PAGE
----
Signal From Star Being Destroyed at Supermassive Black Hole's Event Horizon Captured

The pulse from a star being torn apart by a supermassive black hole has been captured by scientists, allowing them to better understand the physical properties of these extreme regions of space.

Stellar black holes—like the one studied—form when the center of a huge star collapses in on itself, causing a supernova. The resulting black hole has such a strong gravitational pull not even light can escape—meaning scientists cannot observe them. This makes understanding their physical properties is extremely challenging.

Read more: 'Great collision' could wake up the supermassive black hole at the Milky Way's center

However, the boundary of a black hole—the event horizon, which is the point of no return—offers some opportunity for study.

For the first time, scientists have observed a star being torn apart at the event horizon of a supermassive black hole—and have used the data to estimate how fast the black hole is spinning. The findings, published in Science, focus on a supermassive black hole located almost 290 million light years away.

Researchers from the U.S. and the Netherlands were looking at a 'tidal disruption event' or TDE (the name for a star being destroyed by a black hole) that was detected in 2014. When a star is torn apart, it releases electromagnetic energy, such as X-rays. This pulse allows scientists to try to define certain properties of the black hole in question, such as its mass and spin.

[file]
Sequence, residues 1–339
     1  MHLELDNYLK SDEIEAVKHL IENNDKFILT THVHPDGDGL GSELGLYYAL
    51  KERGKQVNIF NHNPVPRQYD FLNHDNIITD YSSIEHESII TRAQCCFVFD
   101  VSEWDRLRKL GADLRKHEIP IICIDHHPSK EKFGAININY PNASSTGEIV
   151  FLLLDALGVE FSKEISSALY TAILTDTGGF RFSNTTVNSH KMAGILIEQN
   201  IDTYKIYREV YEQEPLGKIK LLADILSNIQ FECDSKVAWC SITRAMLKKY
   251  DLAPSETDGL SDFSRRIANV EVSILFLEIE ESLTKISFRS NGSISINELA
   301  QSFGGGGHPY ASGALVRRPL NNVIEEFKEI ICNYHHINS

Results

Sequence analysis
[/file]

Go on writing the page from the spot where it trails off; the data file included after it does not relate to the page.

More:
Through extensive analysis, the team discovered a stable, periodic signal coming from the doomed star—it appeared to brighten and fade once every 131 seconds. These X-rays were coming from an area extremely close to the black hole's event horizon, leading the team to suggest the signal is orbiting the black hole.

Because of the stability of the signal and its proximity to the event horizon, researchers were able to calculate the spin of the black hole—roughly 50 percent of the speed of light, which would be around 93,000 miles per second.

"That's not super fast—there are other black holes with spins estimated to be near 99 percent the speed of light," Dheeraj Pasham, first author of the study, said in a statement. "But this is the first time we're able to use tidal disruption flares to constrain the spins of supermassive black holes."

event horizon black hole
Artist impression of a star being destroyed at the event horizon of a black hole. NASA/CXC/M. Weiss

Pasham added that the supermassive black hole from their paper is exciting "because we think it's a poster child for tidal disruption flares." The event, he said, appears to match theoretical predictions. The team now hopes to find more stable signals from TDEs to estimate the properties of other black holes. "Estimating spins of several black holes from the beginning of time to now would be valuable in terms of estimating whether there is a relationship between the spin and the age of black holes," Pasham said.

The European Space Agency's Norbert Schartel, another author on the paper, added: "We're only just beginning to understand the complex physics at play here. By finding instances where the mass from a shredded star glows especially brightly we can build a census of the black holes in the universe and probe how matter behaves in some of the most extreme areas and conditions in the cosmos."